Being charged with accessing child pornography can lead to many questions for potential defendants. These are crimes that receive a lot of attention in the media, and those accused will have a long fight in front of them to clear their names. While child pornography laws have been in place for many years, the laws as written may not provide the goals that lawmakers intended. As technology changes, the law will need to adapt to be able to address all the issues that may arise.
There are both federal and state laws in place regarding child pornography. Federal laws against child pornography were created in an effort to prevent children from being exploited. Possession, distribution or publication of images depicting minors in a sexually explicit fashion is strictly prohibited. Since many of these images are transmitted using the internet, the federal government needed to create additional laws that regulated images that were accessed or stored using computers.
Colorado's laws also provide for punishments to those who produce, control or access child pornography. Those that are accused of violating this law may be charged with felonies, and any additional sex-related offenses may make the charges more severe. It is not uncommon for a sexual exploitation of a minor case to become extremely high-profile, and it can be difficult to prepare a defense against the charges.
Police investigators and other law enforcement personnel are extremely aggressive when pursing those suspected of accessing or transmitting images of child pornography. Often, police turn to file-sharing services to track known images. Each image or video that is uploaded will contain a unique file name, or "digital fingerprint." Once police determine which images or videos contain depictions of child pornography, they track who has downloaded the item.
Technology has left gaps in state and federal laws. For example, many homes and businesses use wireless routers to access the internet. However, if the router is not password protected, anyone can go online using that particular connection. If someone is online and downloading child pornography, it will appear that the router owner is the one who is accessing the illegal material. Police will initially be unable to discover who actually accessed the material, and innocent people may be arrested.
Minors: Accused of Breaking Laws due to Sexting?
Sexting is another area where technology has moved past the confines of the law. Sexting takes place when a person transmits or sends photos of themselves or others to other individuals using text messages or the internet. If both parties are consenting adults, the practice may not be illegal.
However, when a minor sends or posts sexually explicit images of themselves or other minors, in many locations, this would cause the sender and any receivers of the image to be potentially in violation of child pornography laws. According to the National Campaign to Prevent Teen and Unplanned Pregnancy, one in five teens has admitted to sexting.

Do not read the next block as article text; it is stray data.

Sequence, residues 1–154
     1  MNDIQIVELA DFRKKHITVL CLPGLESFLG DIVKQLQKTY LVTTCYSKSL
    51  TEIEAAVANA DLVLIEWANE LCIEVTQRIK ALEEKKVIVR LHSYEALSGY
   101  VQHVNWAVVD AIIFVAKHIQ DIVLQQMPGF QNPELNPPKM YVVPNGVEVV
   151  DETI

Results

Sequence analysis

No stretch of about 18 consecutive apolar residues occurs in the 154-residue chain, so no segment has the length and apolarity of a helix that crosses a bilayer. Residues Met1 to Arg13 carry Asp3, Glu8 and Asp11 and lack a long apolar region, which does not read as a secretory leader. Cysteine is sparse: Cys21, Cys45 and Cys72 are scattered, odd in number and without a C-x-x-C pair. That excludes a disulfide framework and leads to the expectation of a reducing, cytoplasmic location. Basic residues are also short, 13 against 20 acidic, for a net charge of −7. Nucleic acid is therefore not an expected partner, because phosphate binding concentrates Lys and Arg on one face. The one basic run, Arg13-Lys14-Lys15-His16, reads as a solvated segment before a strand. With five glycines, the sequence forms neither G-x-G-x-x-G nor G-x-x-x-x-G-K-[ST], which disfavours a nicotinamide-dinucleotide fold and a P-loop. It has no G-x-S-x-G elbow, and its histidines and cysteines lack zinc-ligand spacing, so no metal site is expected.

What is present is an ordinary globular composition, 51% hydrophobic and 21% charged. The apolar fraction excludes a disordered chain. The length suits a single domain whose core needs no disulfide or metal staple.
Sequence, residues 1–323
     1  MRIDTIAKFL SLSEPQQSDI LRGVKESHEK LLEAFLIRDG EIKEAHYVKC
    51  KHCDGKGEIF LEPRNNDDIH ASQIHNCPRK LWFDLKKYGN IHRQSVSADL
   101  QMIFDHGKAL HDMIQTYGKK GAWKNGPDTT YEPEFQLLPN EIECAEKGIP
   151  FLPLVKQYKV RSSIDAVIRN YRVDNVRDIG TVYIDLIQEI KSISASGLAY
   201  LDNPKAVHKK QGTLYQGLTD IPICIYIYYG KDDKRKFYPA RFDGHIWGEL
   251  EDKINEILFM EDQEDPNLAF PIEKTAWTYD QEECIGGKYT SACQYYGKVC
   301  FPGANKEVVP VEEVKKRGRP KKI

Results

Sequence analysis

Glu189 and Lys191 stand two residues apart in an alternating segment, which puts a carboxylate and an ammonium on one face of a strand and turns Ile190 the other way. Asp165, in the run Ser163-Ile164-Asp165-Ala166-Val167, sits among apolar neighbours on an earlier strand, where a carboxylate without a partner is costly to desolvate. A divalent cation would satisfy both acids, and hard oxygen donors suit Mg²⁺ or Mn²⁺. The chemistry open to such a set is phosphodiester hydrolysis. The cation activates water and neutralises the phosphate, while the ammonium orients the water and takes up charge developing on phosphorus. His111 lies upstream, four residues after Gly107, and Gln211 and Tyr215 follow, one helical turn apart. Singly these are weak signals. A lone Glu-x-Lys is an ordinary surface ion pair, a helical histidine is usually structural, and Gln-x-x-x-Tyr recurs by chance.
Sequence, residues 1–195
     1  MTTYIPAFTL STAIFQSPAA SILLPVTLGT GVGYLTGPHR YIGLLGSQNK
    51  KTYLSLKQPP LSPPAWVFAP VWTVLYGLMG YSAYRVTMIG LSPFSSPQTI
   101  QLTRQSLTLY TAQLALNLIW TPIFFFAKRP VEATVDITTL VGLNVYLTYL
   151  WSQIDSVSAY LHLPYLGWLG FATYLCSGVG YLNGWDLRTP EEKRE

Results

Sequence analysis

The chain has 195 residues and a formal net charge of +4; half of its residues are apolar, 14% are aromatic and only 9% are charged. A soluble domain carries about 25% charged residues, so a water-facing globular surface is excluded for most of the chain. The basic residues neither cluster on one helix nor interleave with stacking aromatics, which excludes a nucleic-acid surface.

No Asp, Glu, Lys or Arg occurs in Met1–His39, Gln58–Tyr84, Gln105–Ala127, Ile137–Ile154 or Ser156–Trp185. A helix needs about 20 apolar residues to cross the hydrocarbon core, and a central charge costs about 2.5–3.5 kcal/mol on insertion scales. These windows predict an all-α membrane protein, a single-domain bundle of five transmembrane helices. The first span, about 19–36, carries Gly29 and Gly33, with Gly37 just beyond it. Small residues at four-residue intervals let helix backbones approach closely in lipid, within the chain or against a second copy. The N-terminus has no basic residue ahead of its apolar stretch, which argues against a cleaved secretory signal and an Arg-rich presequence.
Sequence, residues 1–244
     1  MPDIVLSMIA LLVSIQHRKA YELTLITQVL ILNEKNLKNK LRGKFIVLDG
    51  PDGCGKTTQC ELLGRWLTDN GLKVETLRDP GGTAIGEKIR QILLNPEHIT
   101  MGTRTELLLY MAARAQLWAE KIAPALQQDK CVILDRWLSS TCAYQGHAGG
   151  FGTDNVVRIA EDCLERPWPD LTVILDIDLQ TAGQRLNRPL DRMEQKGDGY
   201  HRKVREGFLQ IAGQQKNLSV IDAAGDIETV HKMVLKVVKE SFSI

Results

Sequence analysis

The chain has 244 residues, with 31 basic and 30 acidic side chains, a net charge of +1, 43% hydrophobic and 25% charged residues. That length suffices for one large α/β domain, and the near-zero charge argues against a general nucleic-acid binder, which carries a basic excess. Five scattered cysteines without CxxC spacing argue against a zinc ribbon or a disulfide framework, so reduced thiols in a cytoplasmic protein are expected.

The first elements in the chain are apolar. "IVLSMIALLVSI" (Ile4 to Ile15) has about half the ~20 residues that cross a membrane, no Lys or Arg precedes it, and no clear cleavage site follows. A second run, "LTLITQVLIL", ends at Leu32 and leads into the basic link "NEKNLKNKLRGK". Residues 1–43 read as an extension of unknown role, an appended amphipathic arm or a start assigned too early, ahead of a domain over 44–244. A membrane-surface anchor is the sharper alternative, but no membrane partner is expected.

And this number is only increasing, which is why this is leading to serious problems for those who are accused of sexting. There have been countless stories of minors being convicted as sex offenders for sexting, leading to lifelong consequences.
Several states have proposed new laws specifically addressing this issue. For example, Florida is considering a bill that would make first-time sexting charges noncriminal. Minors caught sending sexually explicit photos would receive a $60 fine or eight hours of community service. Further violations would result in first-degree misdemeanor charges along with a $1,000 fine.
New York is also considering a similar bill, but would require all children in public schools to take internet safety classes. Texas would create a provision that would protect those who received the image, as long as it was deleted in a reasonable period of time. Additionally, there have been several examples of someone being threatened or harassed because of a nude photo. Relationships end, and the pictures get spread around schools or posted on the internet for everyone to see. Some states, such as Nevada, would make this type of cyberbullying a crime under a recently proposed sexting bill.
It is important to note that the proposed legislation, as well as new laws that have been put into effect in other states, apply only to minors who are sexting. Any adult who texts or posts sexually explicit images of minors would still be subject to child pornography laws. Officials have been extremely concerned with the new rules that they are putting in place, as they do not want to create opportunities for adults to exploit minors.
Under Colorado's sexual exploitation of a minor statute, participating in sexting could still be categorized as child pornography if the subject of the photo or one of the receivers is under 18. Those accused could be facing serious charges, and also face high fines and potential jail time. If convicted, they will have to register as a sex offender.
If you have been charged with a crime such as the distribution or possession of child pornography, speak to an experienced criminal defense attorney as soon as possible. You need to take steps to preserve your available options. This matter will not go away by simply pleading guilty - you will have to register as a sex offender and face other penalties which will severely impact your life.